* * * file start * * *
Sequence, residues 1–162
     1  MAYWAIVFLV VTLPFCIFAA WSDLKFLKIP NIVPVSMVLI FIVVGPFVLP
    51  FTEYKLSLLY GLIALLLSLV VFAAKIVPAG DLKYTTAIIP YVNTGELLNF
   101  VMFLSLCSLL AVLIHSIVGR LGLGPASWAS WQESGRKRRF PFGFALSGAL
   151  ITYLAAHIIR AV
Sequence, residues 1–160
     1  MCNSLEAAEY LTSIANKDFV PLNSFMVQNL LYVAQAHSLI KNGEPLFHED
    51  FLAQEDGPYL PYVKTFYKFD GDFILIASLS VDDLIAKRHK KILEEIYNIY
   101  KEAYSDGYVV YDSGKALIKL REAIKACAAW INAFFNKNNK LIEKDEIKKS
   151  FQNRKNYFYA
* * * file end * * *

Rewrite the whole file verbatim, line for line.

Sequence, residues 1–162
     1  MAYWAIVFLV VTLPFCIFAA WSDLKFLKIP NIVPVSMVLI FIVVGPFVLP
    51  FTEYKLSLLY GLIALLLSLV VFAAKIVPAG DLKYTTAIIP YVNTGELLNF
   101  VMFLSLCSLL AVLIHSIVGR LGLGPASWAS WQESGRKRRF PFGFALSGAL
   151  ITYLAAHIIR AV
Sequence, residues 1–160
     1  MCNSLEAAEY LTSIANKDFV PLNSFMVQNL LYVAQAHSLI KNGEPLFHED
    51  FLAQEDGPYL PYVKTFYKFD GDFILIASLS VDDLIAKRHK KILEEIYNIY
   101  KEAYSDGYVV YDSGKALIKL REAIKACAAW INAFFNKNNK LIEKDEIKKS
   151  FQNRKNYFYA